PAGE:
“No Small Thing”
However, the two patched things up. By “putting aside all the outside forces, the two rediscovered a working relationship that went back to basics. They began again simply in a room with acoustic guitars in hand.” XS They started with the song No Small Thing. It ended up as the opening track on the album and the second single. WK

The song is “a beautiful stripped-down acoustic track filled with swirling Wurlitzer organs. It mirrors the familiar harmonies of Tears for Fears’ classics while displaying mature men informed about life’s pathways. The selection is a heartfelt discussion about loss, comfort, and your response when the person you always turn to is gone. The song reflects everything Tears for Fears does best.” XS

“The Tipping Point”
The first single, however, was the title cut. Orzabal was inspired to write the song after his wife’s death in 2017. It “provides sensuous, flickering sonics that could be an updated offering off of Elemental. The narrative displays the protagonist watching someone crossing the threshold of life into what comes next while examining how we never really take in what is about to happen even when we know someone is dying. The selection is brilliant as Tears for Fears pulls off that almost impossible feat of producing alluring sonics while delivering a gut-punch of a theme.” XS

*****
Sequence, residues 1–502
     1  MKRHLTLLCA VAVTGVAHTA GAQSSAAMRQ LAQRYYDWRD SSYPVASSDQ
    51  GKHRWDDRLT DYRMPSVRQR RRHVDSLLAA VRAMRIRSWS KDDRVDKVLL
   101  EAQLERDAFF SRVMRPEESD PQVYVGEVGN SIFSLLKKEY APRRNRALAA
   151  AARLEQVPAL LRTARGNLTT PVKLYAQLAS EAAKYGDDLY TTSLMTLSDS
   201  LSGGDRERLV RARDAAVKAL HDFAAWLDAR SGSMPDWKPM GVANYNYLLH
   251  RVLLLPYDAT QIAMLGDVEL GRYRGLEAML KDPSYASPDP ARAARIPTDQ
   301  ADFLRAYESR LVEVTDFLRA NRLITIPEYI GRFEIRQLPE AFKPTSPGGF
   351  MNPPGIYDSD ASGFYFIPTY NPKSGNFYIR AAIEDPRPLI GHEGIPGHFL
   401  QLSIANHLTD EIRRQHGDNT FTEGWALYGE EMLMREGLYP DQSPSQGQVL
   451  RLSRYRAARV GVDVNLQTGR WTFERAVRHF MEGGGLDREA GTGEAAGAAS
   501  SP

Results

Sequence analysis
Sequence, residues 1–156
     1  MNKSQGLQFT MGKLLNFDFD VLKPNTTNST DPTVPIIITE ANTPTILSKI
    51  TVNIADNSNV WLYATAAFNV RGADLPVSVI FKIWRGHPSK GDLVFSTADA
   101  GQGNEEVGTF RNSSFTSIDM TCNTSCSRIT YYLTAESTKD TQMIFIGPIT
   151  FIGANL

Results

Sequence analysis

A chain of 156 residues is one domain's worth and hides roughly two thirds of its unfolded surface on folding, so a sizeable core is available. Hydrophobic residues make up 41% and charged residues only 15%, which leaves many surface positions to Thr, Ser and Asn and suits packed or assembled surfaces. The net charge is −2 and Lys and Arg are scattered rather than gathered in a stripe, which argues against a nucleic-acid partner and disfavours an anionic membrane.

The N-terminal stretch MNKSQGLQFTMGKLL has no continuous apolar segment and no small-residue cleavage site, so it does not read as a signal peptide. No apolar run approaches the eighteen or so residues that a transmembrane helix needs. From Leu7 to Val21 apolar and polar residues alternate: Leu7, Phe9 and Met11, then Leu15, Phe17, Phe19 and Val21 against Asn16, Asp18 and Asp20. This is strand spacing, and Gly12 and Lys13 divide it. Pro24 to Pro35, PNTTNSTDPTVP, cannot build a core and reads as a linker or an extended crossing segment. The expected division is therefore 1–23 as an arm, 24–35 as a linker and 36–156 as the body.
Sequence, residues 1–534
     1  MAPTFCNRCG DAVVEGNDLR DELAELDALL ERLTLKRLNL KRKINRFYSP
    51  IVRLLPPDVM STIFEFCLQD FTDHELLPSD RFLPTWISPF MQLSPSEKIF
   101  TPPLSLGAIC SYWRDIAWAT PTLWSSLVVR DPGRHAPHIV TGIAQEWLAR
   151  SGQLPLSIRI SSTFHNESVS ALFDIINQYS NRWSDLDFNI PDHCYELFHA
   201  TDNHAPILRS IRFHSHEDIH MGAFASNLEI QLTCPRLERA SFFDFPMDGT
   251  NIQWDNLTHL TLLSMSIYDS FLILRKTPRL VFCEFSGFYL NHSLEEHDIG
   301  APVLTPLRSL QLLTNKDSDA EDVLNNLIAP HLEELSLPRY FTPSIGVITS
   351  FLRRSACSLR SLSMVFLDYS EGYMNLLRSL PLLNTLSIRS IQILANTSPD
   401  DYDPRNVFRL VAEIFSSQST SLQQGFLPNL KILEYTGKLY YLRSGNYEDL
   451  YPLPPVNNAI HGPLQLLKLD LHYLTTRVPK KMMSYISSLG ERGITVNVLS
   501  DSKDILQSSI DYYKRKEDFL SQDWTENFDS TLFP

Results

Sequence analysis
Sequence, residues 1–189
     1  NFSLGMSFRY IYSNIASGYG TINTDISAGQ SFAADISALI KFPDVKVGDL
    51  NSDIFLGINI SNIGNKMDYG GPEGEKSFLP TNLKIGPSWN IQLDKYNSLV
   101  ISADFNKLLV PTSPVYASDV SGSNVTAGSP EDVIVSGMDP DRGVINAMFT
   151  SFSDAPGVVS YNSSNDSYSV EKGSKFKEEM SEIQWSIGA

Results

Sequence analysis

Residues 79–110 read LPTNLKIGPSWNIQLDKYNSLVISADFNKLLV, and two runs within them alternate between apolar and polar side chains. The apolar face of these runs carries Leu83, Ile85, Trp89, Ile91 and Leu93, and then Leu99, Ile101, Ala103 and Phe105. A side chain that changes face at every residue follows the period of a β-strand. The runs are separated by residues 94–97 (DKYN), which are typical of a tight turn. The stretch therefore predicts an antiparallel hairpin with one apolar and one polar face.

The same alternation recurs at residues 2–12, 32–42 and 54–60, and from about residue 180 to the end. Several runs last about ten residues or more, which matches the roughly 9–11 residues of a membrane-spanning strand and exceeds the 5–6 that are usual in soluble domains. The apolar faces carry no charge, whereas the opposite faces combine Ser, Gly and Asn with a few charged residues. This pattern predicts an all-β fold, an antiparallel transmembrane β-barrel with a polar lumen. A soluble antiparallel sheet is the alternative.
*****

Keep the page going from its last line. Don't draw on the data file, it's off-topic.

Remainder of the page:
“Long, Long, Long Time”
This “speaks to age and the passage of time.” XS “Orzabal’s voice beautifully still holds its own. The summation of the song is that with death, there is no choice but to let go, again referring to his wife’s passing. Overall, the song captures what makes Tears for Fears unique while modernizing their approach.” XS

“Break the Man”